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Old 12-14-2004, 01:31 PM
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I don't think you need all that rotating assm. Either. With 450 horse you could use any cast crank, even a 400 GM crank and you'd be fine. What's the point of putting a crank in a motor that can handle 700 horse when you block can only handle about 550 and your build is only about 450?

K
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Old 12-14-2004, 04:20 PM
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You should be able to get the Bow-tie block with the dipstick on either side.

There really are no cons with going with a solid flat tappet cam. You just need to use good rockers and locking nuts. In the old days you used to have to adjust them a little more often. With the newer rockers, studs and nuts they will hld the adjustment fine. I check mine every other oil change or so, I have yet to have a problem. I steered away from them for years because of the "maintenance" I can tell you it's not really an issue. In reality how many mile do you put on thet car in a year? I am willing to bet you won't even have to tinker with them during your driving season.

EDIT: I take that back the ONLY con with going with a solid flat cam is the break in. You will have to do it properly and adjust the lash after it's done. With a hyd. roller you set it and forget it. Is that worth $500 to you?

The advantages are they rev faster and higher, they can have more aggressive ramps (compared to a flat hyd cam). Of course cost is a major advantage. The lifters are lighter which is why they rev faster and higher.

I am not a big fan of hyd roller cams for performance use. They are great for cruisers and people that don't want to do ANY maintenance at all. In most cases they are all rev'd out by 6300 or lower. I know people will say if they weren't any good why do all new cars come with them. Now ask yourself how many new cars rev to 6800 (American V8 cars). They come with them for reasons other than performance, mileage is one. Building a 450HP engine is not usually done with mileage as a concern.

The guys here are giving you VERY good input. Me and your machinist see pretty much eye to eye on the advice (except the parts he is using).

You could easily get by with a cast crank if you want, or you could step up to a nodular iron crank (still cast just a little stronger). Either should be fine for what you are doing. I don't have a problem with you spending the extra coin on the rotating assembly, that is money well spent. So if you want the Callies stuff go for it. That way if you catch the HP bug and decide to punish it or add nitrous you don't have to worry about the lower end. Cranks are not easy to break.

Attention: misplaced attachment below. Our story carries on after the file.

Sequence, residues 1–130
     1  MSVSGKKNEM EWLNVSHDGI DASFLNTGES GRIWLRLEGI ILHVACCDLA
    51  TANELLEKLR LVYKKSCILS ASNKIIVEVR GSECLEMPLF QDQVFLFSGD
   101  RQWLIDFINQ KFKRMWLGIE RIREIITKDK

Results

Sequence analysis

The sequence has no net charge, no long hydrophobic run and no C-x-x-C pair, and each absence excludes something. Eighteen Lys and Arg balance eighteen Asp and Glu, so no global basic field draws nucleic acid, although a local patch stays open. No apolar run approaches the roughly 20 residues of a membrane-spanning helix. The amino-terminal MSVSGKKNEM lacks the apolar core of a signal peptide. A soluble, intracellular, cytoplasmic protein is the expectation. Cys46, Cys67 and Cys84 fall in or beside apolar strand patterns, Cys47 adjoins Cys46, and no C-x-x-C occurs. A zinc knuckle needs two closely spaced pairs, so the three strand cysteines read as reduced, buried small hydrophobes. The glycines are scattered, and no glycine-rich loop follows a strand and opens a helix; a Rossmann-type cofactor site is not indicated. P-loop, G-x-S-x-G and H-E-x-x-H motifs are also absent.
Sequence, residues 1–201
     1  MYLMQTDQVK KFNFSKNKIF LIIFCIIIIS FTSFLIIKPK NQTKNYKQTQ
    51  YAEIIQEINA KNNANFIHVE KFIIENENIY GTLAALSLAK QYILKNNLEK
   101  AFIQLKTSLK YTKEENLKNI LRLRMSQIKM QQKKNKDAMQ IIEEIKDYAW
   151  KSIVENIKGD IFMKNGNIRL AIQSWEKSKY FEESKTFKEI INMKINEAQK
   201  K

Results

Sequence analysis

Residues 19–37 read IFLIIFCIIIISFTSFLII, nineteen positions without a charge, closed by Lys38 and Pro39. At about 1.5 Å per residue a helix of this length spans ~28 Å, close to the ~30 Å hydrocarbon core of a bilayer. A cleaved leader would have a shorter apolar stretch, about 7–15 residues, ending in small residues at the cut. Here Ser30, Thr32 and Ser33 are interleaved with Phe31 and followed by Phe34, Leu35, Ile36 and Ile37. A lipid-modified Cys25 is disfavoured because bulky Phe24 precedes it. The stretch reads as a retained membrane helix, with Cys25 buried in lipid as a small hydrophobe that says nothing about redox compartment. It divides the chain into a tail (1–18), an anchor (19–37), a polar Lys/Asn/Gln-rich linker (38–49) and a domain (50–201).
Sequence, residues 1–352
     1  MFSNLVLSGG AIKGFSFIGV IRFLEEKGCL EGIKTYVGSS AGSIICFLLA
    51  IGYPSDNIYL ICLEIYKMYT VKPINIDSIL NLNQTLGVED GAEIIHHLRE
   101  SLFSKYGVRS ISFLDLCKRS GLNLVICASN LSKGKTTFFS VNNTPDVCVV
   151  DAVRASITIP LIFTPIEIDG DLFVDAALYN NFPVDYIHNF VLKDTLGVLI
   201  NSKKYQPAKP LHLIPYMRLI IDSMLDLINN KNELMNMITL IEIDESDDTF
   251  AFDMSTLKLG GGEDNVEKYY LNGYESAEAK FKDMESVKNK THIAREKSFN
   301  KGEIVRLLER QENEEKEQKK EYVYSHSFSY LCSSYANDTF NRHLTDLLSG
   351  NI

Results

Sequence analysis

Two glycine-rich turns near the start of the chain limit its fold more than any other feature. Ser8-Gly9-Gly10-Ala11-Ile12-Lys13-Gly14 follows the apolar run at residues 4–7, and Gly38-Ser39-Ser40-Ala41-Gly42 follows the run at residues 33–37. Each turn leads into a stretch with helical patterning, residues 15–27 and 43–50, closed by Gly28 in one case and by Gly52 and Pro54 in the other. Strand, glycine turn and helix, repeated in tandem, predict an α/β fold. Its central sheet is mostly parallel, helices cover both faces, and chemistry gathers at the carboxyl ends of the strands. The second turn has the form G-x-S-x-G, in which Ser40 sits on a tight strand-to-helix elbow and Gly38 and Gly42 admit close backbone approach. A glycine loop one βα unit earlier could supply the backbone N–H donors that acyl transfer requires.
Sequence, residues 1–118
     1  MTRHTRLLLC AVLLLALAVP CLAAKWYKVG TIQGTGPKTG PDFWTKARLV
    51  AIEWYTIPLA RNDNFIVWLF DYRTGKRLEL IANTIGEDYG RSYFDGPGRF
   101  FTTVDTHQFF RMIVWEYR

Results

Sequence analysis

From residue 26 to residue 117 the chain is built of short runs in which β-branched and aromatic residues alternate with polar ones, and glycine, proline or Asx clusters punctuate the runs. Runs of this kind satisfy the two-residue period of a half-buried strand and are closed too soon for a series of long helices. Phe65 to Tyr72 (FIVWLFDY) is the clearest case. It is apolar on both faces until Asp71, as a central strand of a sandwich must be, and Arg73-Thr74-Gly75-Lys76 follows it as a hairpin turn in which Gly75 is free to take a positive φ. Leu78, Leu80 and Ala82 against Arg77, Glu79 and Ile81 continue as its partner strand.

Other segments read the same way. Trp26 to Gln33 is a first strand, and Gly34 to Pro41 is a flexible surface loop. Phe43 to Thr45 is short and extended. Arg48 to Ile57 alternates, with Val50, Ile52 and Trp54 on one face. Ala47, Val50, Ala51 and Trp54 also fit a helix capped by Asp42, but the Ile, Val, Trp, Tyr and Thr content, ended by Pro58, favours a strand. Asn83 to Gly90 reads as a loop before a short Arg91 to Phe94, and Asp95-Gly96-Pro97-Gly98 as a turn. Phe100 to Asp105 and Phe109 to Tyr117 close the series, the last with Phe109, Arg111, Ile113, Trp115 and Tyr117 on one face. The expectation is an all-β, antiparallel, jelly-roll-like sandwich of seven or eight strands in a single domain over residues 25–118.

Now with the guys on this board that usually can't agree to anything. Everyone is pretty much telling you the same thing here. Of course on some things you will have to do what you like best even if others don't agree. It is your car when all is said and done. Your car, your money and you have to live with the choice you make. If "YOU" really want a hyd. roller then buy one, that way you won't look back and say I "should have". If "YOU" want that Dart block then buy it. If "YOU" want to know what is REALLY needed then just read hrough these posts.

Royce
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Old 12-14-2004, 04:31 PM
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I talked to a company called revolutionary performance about building a Ford motor for a friend of mine. They gave me an estimate of $7500 for a motor intake to pan sfi balancer to flexplate with all 4340 eagle forged internals and je pistons. That price included a set of 205cc AFR CNC ported Ford heads and a mech roller cam. Like has been said before, your parts are probably over kill.

Here is the website

www.revolutionaryperformance.com

I would consider something like this for your build

SBC 383 4 bolt main block with ARP main studs, Eagle 4340 steel 3.75" crank, Eagle ESP 6" rods, SRP 7cc dome pistons, 1/16-1/16-3/16 file fit rings, flat tappet cam, double roller timing set, internally balanced, SFI Fluidamper balancer and SFI flywheel

This assembeled short block is $2999

Adam
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Old 12-14-2004, 04:43 PM
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thanks... You guys are really helping me sort things out.

I will keep you posted on my process.

I may go with a solid cam. Sounds like they have many benefits.
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Old 12-14-2004, 10:18 PM
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I am just going to ditto everyone on the overbuilding. You are looking at parts that will handle 1000HP and you are looking to make half that. I would look at a good set of rods and light pistons and then go with a scat cast crank. That will handle 500 plus HP forever. Unless you have plans to make REAL BIG HP, save your money.

Chris